The Valley of the Shadow of Death

Blurb: Joshua Delaney and Carmine Angelo Trezini, cop and mobster, should have absolutely nothing in common. Yet, accidentally brought together, they rapidly became both lovers and allies against organized crime boss Matthew Picano. Of course, taking down a man like that was never going to be easy – but Josh has no idea of the scale of the sacrifice he will eventually be called upon to make.

Genre: gay fiction; contemporary; organised crime thriller; novel; not a romance!

Word count: 51,900

Click here for an excerpt of text, and here for the reviews.

Available in ebook and paperback formats from:

reviews: The Valley of the Shadow of Death

Note: Quoted reviews are all of the Manifold Press edition. The novel has been revised for publication by LIBRAtiger.

The Romanceaholic: 3 stars from a Romance Addict

Excerpt: This book quite literally sucked me in and wouldn’t let me go. … The angst and tension caused by Carmine’s double crossing his boss/best friend was wonderful, and the courtroom drama a delight. The romance that was developing between Josh and Carmine was intense and angst-ridden due not only to the stress of the undercover operation, but because Josh … was struggling with embarrassment, confusion, shame, anger, lust, guilt, developing emotional feelings and fear for Carmine’s life.

MM Good Book Reviews: 3.5 stars from Pixie

Excerpt: This is a well written book that has a very good story-line and plot. Angelo is the guy that I fell in love with in this book. He just seems to live life to the fullest, embracing his love for Josh and just going with it … This book I will recommend to those who love cop/mobster love affairs, court room drama and gentle love.

Reviews by Jessewave: 3 stars from Cryselle

Excerpt: Give it to Cryssy: she’ll read anything. … There is one very interesting take on the sex. When they do arrive at the moment of attempting anal sex, Delaney isn’t thrilled down to his socks and yearns for it to be over, but he wants Trezini to be happy. Not sexy, but unique, and one of the few moments we see the relationship growing. … The ending is as tragic as the title promises, the last line the most moving in the entire work.

Top 2 Bottom Reviews: 3 kisses from Lisa

Excerpt: I really liked the premise for The Valley of the Shadow of Death. I love a good redemption story … There’s plenty of foreshadowing along the way to prepare the reader for the ending to this story, which was entirely plausible. The author didn’t pull out the eleventh hour ‘deus ex machina’ for the sake of a tidy finish, which I was grateful for.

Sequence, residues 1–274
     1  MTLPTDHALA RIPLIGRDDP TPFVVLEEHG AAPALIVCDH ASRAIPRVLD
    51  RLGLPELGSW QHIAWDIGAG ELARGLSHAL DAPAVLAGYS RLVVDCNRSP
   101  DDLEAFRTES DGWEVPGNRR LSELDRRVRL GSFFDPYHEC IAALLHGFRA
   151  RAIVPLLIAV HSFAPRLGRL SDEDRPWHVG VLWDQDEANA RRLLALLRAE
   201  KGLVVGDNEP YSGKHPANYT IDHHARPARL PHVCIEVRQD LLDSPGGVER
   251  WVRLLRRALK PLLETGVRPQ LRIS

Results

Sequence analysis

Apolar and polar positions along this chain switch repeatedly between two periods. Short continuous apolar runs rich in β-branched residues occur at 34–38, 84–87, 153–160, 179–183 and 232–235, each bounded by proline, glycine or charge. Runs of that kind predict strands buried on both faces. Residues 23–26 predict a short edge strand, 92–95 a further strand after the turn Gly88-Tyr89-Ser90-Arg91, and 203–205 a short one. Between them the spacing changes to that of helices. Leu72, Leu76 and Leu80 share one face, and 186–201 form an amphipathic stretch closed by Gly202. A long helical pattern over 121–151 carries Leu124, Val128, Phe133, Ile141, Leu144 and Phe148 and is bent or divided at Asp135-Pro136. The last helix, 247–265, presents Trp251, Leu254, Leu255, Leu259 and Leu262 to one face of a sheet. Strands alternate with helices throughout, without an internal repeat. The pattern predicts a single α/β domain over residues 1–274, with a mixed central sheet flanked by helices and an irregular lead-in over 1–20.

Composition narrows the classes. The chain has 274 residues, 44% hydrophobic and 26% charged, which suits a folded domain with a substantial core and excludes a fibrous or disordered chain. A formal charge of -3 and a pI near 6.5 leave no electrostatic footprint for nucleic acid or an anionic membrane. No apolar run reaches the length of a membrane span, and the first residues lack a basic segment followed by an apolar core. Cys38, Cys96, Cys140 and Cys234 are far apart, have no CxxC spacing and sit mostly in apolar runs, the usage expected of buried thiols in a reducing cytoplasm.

Angelo at Goodreads:

  • Ingrid gave it 5 stars, and said: OMG She has done it again…. speechlesss
  • Sylvia gave it 4 stars, and said: I was about to give 3* until I read the last pages.
  • Kaje Harper said: This one is impossible for me to rate. Once again, I loved Julie Bozza’s writing voice, but it was a slightly awkward fit with this story. This had characters and development that should have been a bit gritty, given the plot. Instead it had a gentle, noir, early-twentieth feel, to the point where I kept getting startled when they pulled out cell phones. Delaney was wonderful, as a youthful, naive, optimistic, crusading cop – the writing style worked very well for him and his intrinsic, slightly simple goodness. For Carmine, the mobster turned informant, it was less effective.

Angelo on Amazon UK and Amazon US:

  • bill m gave it 4 stars, and said: this is a wonderfully written story, but it’s a tough read — astonishingly realistic. There’s a lot of stuff in this genre that’s contrived and artificial; this one isn’t like that. It’s tense, uplifting, gritty and sad. But it would be hard not to recommend it, and I do.
  • CatsAndChardonnay gave it 5 stars, and said: I am a fan, for certain, and this book doesn’t disappoint anyone who is a Julie Bozza fan. She has a way of writing that is very distinct and draws the reader in. Highly recommend.

excerpt: The Valley of the Shadow of Death

An excerpt from the first chapter of this novel. A cop and a mobster find themselves thrown together in a life-or-death situation.

Microsoft Office clipart - This could almost be Delaney!Angelo Trezini was slowing down, too cold and too dull to even think. Well, his only thought was a wistful wish for the energy necessary to feel sad or sorry or righteously pissed off. He was fading fast.